Roles for VEGF Inhibitors in the Management of Retinal Diseases - Episode 9

A Review of Clinical Trial Data in Non-Proliferative Diabetic Retinopathy

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A panel of experts reviews data on nonproliferative diabetic retinopathy treatments from the PANORAMA, Protocol W, RISE, and RIDE studies.

W. Lloyd Clark, MD: Joe, I’m going to start with you talking about the role of the available anti-VEGF agents in the treatment of DR [diabetic retinopathy]. We’ve got 2 approved agents, ranibizumab and aflibercept. How do you use these agents overall in managing patients with diabetic eye disease?

Joseph M. Coney, MD: Both are great drugs. Both have turned back the hands of time in terms of their disease. When I was in a residency or fellowship not long ago, everyone had progression of the disease; they were all getting lasers. They would still bleed; you’ll have these tractional components. I just don’t see that with the current landscape. It’s also true for when you have nonproliferative disease. When we did our clinical trials for DME [diabetic macular edema], I don’t think any of us thought about what we were doing to the level of retinopathy. We noticed this as a by-product of how we were treating patients in clinical trials and, obviously, what we saw in our clinics day-to-day.

We have great studies that have shown—PANORAMA being the most recent—that if eyes have come in at the severe nonproliferative state, you can reduce their level of disease 2-fold 65% to 80% of the time. This was by customizing doses that they received injection after loading doses, even if it was at 16, 18, or 8 weeks. You have the flexibility to use these agents how you see them fit into that particular patient. In the long term, I don’t know how long I need to maintain these patients. Those are questions that someone on the panel can ask.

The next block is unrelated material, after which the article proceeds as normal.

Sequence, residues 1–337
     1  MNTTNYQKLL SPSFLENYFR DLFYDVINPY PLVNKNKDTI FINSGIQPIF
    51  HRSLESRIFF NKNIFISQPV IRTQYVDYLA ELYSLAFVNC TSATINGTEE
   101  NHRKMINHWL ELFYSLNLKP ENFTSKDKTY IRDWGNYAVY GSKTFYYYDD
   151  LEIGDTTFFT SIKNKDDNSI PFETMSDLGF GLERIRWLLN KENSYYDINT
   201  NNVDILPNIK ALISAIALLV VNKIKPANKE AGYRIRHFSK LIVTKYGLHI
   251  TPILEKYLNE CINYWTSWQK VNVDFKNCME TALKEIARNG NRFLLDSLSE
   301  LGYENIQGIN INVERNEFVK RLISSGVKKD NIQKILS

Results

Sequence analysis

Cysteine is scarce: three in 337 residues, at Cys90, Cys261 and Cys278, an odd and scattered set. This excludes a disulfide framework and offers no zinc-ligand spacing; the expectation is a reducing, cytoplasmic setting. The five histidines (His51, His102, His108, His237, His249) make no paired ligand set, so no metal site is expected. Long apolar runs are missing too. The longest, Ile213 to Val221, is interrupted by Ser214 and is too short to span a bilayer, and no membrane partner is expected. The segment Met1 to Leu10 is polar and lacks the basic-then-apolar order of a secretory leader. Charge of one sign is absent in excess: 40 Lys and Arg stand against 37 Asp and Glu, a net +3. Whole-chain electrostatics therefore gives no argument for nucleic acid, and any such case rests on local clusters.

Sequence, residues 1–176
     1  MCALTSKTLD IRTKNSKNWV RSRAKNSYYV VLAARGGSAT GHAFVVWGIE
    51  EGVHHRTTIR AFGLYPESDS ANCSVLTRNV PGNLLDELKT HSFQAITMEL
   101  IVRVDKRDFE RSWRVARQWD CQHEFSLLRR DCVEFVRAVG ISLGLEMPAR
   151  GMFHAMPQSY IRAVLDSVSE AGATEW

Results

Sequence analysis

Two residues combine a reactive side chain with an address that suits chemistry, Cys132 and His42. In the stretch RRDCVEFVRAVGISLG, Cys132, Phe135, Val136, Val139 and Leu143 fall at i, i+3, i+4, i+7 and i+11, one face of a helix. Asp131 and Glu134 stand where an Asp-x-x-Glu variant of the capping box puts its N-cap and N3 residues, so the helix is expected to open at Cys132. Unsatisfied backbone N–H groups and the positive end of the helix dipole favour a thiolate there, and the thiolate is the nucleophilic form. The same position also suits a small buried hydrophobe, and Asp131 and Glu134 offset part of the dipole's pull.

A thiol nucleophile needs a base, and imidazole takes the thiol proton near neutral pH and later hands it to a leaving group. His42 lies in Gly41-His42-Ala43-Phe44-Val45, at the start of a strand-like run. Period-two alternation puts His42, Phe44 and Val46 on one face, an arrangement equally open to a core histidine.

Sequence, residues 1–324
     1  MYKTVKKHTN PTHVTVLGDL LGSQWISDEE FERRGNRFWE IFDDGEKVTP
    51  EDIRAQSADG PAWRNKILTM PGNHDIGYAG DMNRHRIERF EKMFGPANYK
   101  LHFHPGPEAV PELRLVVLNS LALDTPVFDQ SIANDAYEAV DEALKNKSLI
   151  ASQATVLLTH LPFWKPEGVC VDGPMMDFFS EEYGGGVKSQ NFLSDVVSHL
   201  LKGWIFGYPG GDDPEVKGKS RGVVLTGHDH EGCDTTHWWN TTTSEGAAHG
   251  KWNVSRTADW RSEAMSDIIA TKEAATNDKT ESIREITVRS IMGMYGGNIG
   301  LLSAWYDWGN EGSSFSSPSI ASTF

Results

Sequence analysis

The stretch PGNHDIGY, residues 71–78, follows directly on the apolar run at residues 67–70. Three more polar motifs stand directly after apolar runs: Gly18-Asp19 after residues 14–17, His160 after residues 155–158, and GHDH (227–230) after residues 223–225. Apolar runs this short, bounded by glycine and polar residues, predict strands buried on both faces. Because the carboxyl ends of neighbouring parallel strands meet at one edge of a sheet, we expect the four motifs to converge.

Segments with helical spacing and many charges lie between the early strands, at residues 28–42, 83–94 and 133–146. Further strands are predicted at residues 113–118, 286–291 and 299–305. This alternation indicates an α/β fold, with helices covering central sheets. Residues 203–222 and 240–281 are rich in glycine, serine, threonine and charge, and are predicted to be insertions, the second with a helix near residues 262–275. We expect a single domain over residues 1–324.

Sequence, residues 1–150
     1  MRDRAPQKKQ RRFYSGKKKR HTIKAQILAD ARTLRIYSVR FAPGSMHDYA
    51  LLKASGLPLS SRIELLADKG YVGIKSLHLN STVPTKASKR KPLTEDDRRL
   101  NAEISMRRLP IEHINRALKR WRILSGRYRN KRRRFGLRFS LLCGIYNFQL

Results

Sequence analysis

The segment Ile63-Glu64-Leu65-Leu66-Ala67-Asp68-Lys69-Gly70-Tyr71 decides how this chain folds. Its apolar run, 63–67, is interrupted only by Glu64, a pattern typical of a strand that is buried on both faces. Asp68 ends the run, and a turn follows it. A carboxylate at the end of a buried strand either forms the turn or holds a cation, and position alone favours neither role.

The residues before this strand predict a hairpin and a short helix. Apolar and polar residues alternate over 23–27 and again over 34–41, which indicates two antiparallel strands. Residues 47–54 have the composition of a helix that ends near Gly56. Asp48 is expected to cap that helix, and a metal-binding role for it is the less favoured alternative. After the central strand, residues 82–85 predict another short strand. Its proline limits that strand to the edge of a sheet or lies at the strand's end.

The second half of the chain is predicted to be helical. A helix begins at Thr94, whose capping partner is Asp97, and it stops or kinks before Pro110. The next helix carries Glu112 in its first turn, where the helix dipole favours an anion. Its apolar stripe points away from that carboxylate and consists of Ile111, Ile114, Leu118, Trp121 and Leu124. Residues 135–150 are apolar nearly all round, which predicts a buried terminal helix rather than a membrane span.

Once I get that improvement, how often should I follow patients? I typically use a widefield angiogram. Sometimes I’ll skip an injection, and I’m surprised when I see the neovascularization come back. That if it was severe or maybe had early PDR with low-risk characteristics, I’m very surprised on the changes I see. I’m starting to treat patients a little longer but space them out further. This is a landscape I’m still getting more comfortable with. The more I see these patients do well, the more I’m a very big proponent that if they have disease states that I know that over the next 4 years can have sight-threatening problems, then I tend to start therapy earlier.

W. Lloyd Clark, MD: Diana, we’re going to lean on you for some clinical trial results. Joe alluded to the PANORAMA study, talking about a 65% to 80% rate of 2-step reduction in diabetic retinopathy severity. Can you give us your thoughts on the PANORAMA study as well as the recently released data from Protocol W? Both trials evaluated aflibercept for the treatment of nonproliferative diabetic retinopathy [NPDR]. Give us the lowdown on these trials and your thoughts about how they were performed and what the results look like for you in clinical practice.

Diana V. Do, MD: Over the past few years, we’ve received an abundance of clinical trial data providing level 1 evidence that demonstrates that intravitreal VEGF inhibition with aflibercept is effective and safe at treating moderately severe to severe nonproliferative diabetic retinopathy. Both the PANORAMA study and Protocol W were randomized clinical trials that looked at different dosing regimens of aflibercept compared with sham treatment. They followed these patients over time to see what the benefits and risks would be for the treatment of moderately severe to severe NPDR. Recall that any patient in these clinical trials did not have diabetic macular edema at the time of enrollment. The results of these trials showed that intravitreal VEGF inhibition with aflibercept was safe and effective, and it decreased the risk for vision-threatening complications.